COVID-19 puts Indian polar research in quarantine - GulfToday

COVID-19 puts Indian polar research in quarantine

Meena Janardhan

Writer/Editor/Consultant. She has over 25 years of experience in the fields of environmental journalism and publishing.

Writer/Editor/Consultant. She has over 25 years of experience in the fields of environmental journalism and publishing.

Banyan-tree-quarantine-750x450

Photo has been used for illustrative purposes.

Quarantine and lockdown effects have spread their tentacles as far as the Polar Regions. India’s scientific expeditions to the Poles have either been put on hold or are at a standstill because of the global shutdown due to the pandemic.

According to recent reports by Mongabay-India, India’s scientific expedition to the Arctic this year has been cancelled while as many as 28 homewards bound scientists, who were part of the country’s 39th scientific expedition to Antarctica are in quarantine in Cape Town, South Africa. The National Centre for Polar and Ocean Research (NCPOR) and the Indian Ministry of Earth Sciences have been coordinating with the Ministry of External Affairs for the return of the scientists.

Antarctica, the ‘white continent’, is the fifth-largest continent in the world and is known to be a place of extremes. Stretching almost 14 million square km, 98% of its area is covered with thick ice sheets that formed over 25 million years ago and holds a major portion of the earth’s freshwater. The world’s largest ocean current, the Antarctic circumpolar current, circumvents the Antarctic continent.

The Antarctic continent hosts around 70 active research bases belonging to various countries. The region offers several answers to key questions about global climate change such as contribution towards global sea level rise, variability in the sea ice cover, the Antarctic haze and ozone concentrations.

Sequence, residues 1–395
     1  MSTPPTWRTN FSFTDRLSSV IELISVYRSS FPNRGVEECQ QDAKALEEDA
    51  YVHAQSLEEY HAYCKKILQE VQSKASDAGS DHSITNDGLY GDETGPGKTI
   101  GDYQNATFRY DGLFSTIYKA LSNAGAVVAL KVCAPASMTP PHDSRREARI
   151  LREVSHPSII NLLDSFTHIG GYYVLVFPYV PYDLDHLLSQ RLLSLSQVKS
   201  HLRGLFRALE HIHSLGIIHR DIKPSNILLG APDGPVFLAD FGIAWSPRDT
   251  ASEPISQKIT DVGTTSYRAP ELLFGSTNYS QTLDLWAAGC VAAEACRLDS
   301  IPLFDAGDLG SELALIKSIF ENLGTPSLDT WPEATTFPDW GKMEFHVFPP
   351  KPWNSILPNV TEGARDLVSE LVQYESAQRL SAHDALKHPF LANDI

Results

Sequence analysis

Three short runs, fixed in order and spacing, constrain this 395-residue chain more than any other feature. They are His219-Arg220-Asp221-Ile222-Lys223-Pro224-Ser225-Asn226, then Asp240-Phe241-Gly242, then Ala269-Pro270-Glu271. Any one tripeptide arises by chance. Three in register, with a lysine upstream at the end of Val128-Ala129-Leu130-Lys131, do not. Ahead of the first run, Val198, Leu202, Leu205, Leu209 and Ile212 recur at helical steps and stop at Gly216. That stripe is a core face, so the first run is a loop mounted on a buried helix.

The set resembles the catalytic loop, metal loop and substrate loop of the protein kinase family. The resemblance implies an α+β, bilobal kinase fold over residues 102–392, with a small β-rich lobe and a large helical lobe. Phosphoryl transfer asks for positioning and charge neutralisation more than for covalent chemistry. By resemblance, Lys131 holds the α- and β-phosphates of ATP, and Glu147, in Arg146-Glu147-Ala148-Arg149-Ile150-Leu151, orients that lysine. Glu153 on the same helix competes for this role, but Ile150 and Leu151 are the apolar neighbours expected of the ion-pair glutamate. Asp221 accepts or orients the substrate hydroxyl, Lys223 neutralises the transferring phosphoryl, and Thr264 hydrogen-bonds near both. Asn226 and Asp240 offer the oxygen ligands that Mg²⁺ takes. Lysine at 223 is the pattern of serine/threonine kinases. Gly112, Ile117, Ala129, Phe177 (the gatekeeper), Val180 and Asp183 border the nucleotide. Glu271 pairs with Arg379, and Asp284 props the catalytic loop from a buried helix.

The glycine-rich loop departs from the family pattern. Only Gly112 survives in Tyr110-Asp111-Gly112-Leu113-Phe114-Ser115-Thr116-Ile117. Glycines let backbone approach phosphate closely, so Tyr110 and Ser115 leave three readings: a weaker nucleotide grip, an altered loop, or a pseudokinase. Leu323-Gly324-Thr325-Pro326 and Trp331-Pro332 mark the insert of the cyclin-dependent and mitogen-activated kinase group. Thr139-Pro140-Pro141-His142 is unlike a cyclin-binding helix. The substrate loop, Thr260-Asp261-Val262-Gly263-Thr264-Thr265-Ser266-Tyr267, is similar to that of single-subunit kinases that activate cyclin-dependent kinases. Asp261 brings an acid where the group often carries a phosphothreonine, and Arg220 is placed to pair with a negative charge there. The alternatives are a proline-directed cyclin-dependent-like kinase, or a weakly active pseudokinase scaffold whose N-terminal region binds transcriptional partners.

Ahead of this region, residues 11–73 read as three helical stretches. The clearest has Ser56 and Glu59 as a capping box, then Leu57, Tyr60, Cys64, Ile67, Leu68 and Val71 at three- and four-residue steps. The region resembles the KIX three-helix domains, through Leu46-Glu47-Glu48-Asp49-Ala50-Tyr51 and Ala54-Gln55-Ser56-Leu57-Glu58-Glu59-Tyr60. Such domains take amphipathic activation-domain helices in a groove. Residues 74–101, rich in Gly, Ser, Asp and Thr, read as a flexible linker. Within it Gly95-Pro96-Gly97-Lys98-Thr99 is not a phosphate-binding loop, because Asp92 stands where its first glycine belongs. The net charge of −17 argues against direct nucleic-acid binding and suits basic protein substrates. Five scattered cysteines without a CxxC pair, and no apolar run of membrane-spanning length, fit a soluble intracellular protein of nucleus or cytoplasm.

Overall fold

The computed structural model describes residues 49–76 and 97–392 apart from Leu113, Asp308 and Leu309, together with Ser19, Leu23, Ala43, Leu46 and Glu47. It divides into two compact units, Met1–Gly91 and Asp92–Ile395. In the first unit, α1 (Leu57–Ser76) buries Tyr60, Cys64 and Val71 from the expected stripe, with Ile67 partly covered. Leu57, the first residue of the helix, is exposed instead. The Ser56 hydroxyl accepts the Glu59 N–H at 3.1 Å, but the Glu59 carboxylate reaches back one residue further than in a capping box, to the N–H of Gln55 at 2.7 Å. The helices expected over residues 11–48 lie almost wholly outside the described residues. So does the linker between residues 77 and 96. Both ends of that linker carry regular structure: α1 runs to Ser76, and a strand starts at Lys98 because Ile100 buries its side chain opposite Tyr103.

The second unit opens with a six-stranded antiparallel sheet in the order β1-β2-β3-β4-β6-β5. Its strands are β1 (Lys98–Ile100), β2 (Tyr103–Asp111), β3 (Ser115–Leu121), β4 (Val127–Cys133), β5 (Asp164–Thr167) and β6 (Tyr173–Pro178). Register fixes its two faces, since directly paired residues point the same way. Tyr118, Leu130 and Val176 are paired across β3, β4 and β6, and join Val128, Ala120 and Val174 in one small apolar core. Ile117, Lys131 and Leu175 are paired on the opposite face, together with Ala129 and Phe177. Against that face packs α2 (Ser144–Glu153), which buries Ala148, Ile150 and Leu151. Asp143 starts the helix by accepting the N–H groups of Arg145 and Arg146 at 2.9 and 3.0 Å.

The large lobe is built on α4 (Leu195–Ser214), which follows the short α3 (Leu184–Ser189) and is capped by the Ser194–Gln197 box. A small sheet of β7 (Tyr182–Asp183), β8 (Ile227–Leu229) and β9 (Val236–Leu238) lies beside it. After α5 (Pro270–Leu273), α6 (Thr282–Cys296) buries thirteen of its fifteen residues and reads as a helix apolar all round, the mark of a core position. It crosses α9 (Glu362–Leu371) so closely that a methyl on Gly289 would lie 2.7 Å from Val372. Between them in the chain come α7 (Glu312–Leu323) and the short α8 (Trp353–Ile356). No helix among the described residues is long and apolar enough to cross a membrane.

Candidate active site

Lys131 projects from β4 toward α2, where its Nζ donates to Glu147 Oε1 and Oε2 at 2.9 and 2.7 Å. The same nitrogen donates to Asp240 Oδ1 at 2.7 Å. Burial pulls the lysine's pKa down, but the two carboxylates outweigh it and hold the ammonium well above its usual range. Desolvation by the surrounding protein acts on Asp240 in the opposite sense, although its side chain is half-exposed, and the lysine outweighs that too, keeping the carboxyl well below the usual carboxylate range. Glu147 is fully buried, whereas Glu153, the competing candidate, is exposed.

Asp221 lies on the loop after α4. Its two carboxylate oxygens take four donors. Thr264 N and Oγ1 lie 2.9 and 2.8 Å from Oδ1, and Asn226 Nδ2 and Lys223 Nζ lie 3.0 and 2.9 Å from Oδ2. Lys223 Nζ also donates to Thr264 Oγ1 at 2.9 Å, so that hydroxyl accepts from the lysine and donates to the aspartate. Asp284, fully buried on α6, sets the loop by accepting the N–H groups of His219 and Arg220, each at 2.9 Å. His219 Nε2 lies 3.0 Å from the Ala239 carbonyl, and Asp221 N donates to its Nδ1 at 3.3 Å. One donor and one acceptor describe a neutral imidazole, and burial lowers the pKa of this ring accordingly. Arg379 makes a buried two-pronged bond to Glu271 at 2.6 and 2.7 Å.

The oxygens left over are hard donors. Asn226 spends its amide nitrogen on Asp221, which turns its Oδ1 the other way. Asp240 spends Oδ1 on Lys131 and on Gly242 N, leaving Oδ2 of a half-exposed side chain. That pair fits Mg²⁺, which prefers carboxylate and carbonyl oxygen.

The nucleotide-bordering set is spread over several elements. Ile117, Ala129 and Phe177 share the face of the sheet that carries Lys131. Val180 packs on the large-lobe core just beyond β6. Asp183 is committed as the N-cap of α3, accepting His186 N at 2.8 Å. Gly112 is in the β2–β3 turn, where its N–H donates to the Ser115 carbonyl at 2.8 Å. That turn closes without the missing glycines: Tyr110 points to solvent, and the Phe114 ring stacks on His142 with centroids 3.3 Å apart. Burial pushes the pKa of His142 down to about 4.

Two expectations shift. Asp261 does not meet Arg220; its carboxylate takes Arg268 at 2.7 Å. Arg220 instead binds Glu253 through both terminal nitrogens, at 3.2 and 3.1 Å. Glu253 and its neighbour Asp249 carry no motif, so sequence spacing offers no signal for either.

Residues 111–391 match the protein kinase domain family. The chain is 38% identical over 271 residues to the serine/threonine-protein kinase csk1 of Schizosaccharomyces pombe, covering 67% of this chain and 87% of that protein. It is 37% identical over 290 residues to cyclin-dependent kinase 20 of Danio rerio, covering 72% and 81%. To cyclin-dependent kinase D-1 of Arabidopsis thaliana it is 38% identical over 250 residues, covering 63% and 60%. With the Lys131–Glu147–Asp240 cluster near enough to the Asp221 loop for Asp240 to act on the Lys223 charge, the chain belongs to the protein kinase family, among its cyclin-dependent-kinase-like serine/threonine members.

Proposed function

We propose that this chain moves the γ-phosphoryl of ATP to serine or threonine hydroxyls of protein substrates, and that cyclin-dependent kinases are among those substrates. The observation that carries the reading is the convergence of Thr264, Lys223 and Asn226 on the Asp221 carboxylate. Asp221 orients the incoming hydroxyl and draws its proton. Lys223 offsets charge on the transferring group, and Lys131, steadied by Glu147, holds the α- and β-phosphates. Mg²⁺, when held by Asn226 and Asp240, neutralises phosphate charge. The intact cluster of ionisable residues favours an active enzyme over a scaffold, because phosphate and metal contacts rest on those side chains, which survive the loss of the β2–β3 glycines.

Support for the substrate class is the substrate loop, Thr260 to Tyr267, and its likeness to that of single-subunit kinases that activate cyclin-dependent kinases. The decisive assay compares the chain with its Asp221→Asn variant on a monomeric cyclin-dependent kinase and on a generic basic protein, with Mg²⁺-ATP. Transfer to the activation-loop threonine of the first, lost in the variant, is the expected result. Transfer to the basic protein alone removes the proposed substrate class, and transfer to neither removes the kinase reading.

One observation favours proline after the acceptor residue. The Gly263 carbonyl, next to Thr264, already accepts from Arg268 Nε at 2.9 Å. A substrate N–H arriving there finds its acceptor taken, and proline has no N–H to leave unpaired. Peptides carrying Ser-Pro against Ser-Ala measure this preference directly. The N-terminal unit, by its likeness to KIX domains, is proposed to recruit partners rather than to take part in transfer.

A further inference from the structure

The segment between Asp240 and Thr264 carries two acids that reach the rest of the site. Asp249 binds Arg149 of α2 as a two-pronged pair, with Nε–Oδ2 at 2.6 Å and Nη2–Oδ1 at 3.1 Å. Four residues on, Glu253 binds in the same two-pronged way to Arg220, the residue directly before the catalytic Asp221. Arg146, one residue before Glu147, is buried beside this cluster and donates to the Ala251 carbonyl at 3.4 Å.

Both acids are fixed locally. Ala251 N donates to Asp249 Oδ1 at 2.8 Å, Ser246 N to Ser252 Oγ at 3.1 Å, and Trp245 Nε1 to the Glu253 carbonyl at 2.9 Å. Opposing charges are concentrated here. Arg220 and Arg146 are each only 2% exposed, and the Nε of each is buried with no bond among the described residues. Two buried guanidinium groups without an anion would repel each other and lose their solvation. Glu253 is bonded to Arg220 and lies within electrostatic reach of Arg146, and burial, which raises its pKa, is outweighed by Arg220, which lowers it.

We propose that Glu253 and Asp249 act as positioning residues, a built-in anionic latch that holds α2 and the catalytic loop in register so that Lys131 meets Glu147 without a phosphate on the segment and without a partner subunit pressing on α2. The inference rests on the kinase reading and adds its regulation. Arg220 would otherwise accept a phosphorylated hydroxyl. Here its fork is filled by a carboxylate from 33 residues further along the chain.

These bases are occupied by more than 4000 people during the summer and around 1000 people in winter. They spend an entire year in isolation, conducting research projects on the icy continent. Now, with pandemic guidelines in place, they are in double isolation!

India is a signatory to the Antarctic Treaty and to the Protocol to the Antarctic Treaty on Environmental Protection and has two research stations in Antarctica: Bharati (commissioned in 2012) and Maitri (since 1988). India also has the Observer Status in the Arctic Council.

Every year the Indian scientific expedition to the Antarctic begins between the months of December-January by ship and flight. The studies undertaken in the two Polar Regions are principally on climate change, paleoclimate and changes in the Polar Regions that influence the Indian monsoons.

Ecological monitoring in Antarctica contributes significantly to India’s input in global climate change research and a gap in sampling would mean loss of crucial data. Antarctic wildlife monitoring also forms one of the few long-term research projects of the Indian scientific expeditions to Antarctica and contributes significantly to India’s input in global climate change research.

The ongoing lockdown has slowed progress in the selection of the next team of Indians who will travel to Antarctica in late 2020 as well. Expedition members are inducted to Antarctica in small groups between November and January and de-inducted between January and March. The annual travel to the Antarctic is crucial to deliver cargo and fuel to the two Indian research bases in addition to the scientific goals and objectives.

Mongabay-India reports that scientists who are yet to reach India are worried over the condition of samples collected from fieldwork in Antarctica while others who are back in their labs have to deal with processing and planning delays.

Researchers stationed at the bases state that, due to the pandemic, guidelines have been issued by the Council of Managers of National Antarctic Programmes, an organization that brings together the national Antarctic programmes of various countries to carry safe practices in the Antarctic. Screening of the new members entering the continent has been in place since February this year. Routine visits and get-togethers with the neighbouring stations, which were very frequent earlier, have been dropped.

The NCPOR, India’s premier research institution, is responsible for the country’s research activities in the polar (Arctic, Antarctica, Himalayas) and Southern Ocean realms. The Indian Ministry of Earth Sciences records that the importance of Antarctica as a pedestal for front-ranking scientific research was recognized by Indian way back in 1981 itself, when the first Indian Scientific Expedition to Antarctica was launched. Since then, India has made great strides in initiating scientific projects of both national and global relevance as well as in catering to the entire gamut of complex logistics operations called for in the annual expeditions to Antarctica. Experiments mounted by Indian scientists in such disciplines as atmospheric sciences and meteorology, earth sciences and glaciology, biology and environmental sciences have also contributed directly to global experiments.


Related articles